In the year 254 Valerian was declared emperor, on which the church was instantly restored to a state of tranquillity, which continued for about five years, when the scene began to change, and that in a sudden and unexpected manner.

The new empe* The whole history of this affair may be collected from the epistles of Cyprian. See also Eusebius, Hist. Eccles. lib. vi. cap. 44.

ror had a favourite minister, whose name was Macrianus, a superstitious and bigoted Pagan, who had gained an entire ascendancy over Valerian, and was his chief counsellor in every thing that related to the administration of the government. At the persuasion of this insolent minister an edict was issued, prohibiting all assemblies of the Christians and banishing all their bishops and teachers. It was first published in the year 257, and was followed, the year after, by one still more severe, in consequence of which a considerable number of Christians, in all the provinces of the empire, were put to death, and by such cruel methods of execution as were more terrible than death itself. It was at this juncture that Cyprian was beheaded-Sixtus, bishop of Rome, was at the same time crucified, and Laurentius, a deacon, was broiled alive on a gridiron, over a slow fire, which he endured with wonderful constancy. An unexpected event suspended for a while the sufferings of the Christians. Valerian was made prisoner in the war against the Persians, and his son in the year 260 'restored peace to the church. This emperor reigned eight years; and, though it could not be pronounced a happy period for the Christians, yet their condition was supportable, as it also was under the short administration of Claudius, who succeeded him. In the year 270 Aurelian was raised to the throne, and during the first four years the state of the Christians was tolerable; but in the fifth year of his administration a dark and portentous cloud gathered over them, which would have proved fatal had not his violent death prevented the execution of his cruel purposes. While, instigated by the suggestions of his own superstition, or by the barbarous counsels of a bigoted priesthood, he was preparing a formidable attack upon the Christians, he was compelled to march into Gaul, where he was murdered in the year 275, ere his edicts were published throughout the empire. This is commonly called the ninth persecution, but it scarcely merits the name of one; the number of martyrs was inconsiderable, and, during the remainder of this third century, the Christians enjoyed a considerable measure of ease and tranquillity.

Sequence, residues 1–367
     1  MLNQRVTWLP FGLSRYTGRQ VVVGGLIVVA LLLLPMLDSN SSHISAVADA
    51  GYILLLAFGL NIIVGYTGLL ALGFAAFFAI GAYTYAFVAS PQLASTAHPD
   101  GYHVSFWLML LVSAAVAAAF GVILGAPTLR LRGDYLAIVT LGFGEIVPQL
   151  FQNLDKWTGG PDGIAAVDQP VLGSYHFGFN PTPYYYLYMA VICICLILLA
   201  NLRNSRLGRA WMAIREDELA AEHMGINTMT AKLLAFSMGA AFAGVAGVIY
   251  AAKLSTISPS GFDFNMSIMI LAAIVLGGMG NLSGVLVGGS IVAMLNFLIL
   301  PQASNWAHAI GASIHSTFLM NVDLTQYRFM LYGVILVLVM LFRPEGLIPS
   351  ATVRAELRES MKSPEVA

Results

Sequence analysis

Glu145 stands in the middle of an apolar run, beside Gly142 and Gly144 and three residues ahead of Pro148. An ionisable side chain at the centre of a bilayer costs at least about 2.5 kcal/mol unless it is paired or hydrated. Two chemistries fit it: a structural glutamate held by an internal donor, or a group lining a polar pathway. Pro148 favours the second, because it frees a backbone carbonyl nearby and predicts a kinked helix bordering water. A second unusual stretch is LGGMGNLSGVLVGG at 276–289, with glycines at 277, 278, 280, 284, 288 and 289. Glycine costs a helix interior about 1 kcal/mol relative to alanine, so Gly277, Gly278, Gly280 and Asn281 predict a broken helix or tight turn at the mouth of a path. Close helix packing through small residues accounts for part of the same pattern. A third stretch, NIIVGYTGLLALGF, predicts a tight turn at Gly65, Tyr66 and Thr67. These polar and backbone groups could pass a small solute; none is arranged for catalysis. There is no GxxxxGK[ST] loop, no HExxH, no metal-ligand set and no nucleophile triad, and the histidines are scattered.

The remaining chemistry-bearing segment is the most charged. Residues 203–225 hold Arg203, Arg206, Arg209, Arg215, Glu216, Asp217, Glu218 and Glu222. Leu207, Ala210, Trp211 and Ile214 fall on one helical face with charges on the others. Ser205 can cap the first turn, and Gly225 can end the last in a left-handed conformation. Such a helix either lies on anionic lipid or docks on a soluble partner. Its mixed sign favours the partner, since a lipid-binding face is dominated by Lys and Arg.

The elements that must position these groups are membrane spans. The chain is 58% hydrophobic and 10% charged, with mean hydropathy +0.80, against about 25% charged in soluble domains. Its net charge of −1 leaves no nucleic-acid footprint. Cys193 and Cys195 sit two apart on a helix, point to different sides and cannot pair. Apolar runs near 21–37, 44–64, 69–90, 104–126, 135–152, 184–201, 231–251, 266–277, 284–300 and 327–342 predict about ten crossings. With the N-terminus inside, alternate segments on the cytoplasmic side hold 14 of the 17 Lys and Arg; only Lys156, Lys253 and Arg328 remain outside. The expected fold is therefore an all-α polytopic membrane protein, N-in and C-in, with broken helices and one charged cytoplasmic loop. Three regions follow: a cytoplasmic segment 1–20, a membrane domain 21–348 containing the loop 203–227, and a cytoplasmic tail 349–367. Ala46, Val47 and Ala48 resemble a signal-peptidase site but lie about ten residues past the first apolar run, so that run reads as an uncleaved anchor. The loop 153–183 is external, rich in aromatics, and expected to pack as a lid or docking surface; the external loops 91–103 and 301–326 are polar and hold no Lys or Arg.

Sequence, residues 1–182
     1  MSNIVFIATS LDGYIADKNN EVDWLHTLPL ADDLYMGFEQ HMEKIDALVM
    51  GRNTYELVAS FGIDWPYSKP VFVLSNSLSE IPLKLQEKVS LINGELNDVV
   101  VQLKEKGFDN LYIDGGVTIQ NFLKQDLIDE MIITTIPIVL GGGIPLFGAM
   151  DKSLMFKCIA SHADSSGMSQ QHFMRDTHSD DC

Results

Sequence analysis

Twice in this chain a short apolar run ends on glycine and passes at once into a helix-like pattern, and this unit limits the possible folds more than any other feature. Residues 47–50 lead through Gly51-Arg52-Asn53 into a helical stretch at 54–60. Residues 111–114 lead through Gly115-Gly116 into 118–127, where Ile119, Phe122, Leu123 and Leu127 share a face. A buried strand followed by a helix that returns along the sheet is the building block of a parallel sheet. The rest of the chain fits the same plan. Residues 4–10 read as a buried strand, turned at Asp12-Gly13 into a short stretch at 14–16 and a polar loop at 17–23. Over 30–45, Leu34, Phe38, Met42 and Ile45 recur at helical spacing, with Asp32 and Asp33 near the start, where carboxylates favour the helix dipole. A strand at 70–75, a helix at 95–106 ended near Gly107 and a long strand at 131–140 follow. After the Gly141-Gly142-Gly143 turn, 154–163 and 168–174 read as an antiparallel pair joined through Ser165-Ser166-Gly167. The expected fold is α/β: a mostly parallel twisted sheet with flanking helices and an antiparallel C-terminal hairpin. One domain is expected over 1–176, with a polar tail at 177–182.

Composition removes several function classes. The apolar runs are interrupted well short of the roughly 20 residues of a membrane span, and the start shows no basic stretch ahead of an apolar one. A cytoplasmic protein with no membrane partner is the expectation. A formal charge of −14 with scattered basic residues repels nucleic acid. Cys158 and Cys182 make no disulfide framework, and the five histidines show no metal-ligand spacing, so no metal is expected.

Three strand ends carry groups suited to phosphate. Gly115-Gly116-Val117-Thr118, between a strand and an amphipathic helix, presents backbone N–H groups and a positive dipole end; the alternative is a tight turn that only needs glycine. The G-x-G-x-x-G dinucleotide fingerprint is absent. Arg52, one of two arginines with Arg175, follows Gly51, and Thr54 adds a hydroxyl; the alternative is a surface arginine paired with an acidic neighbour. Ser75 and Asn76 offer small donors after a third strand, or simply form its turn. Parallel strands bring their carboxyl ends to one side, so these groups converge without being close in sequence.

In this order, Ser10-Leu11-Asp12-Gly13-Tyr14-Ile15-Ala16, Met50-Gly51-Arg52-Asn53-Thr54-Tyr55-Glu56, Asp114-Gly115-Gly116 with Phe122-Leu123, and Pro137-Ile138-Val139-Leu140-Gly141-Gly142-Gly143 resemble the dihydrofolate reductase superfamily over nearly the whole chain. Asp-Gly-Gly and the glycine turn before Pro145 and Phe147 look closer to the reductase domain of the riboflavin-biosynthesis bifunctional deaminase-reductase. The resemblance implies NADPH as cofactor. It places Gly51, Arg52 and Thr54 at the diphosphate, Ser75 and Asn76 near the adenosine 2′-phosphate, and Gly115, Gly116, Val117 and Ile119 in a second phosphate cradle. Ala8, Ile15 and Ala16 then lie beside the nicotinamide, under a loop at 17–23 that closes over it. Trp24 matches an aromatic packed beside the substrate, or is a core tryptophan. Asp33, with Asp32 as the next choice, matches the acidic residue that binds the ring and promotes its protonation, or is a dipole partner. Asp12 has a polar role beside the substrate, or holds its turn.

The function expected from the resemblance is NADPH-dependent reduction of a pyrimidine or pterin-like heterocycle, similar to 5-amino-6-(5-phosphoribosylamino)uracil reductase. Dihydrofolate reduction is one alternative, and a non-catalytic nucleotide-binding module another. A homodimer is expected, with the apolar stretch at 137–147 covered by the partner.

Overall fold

The tenth, and last, persecution, which the Christians were called to undergo from the heathen magistrates, took place in the year 302, and consequently belongs to the next century. I

rea.

must not, therefore, enter upon it in this place, but shall close the present lecture with a brief notice of some persons, and things relating to the discipline, order, and worship of the Christian church which pertain to the third century, and which have not hitherto been mentioned.

Among the men of learning and talents who flourished about the end of the third century, there is no one better entitled to our notice than Pamphilus, a presbyter of the church of Cæsa

He was a most intimate friend of Eusebius, the ecclesiastical historian, so often mentioned in these lectures. He was one of the most learned and pious men of his time, and spent his life in acts of the most disinterested benevolence. He constantly kept several copies of the sacred writings by him--some of them transcribed with the greatest accuracy by his own hand, which he lent out to such as had a desire to read them; and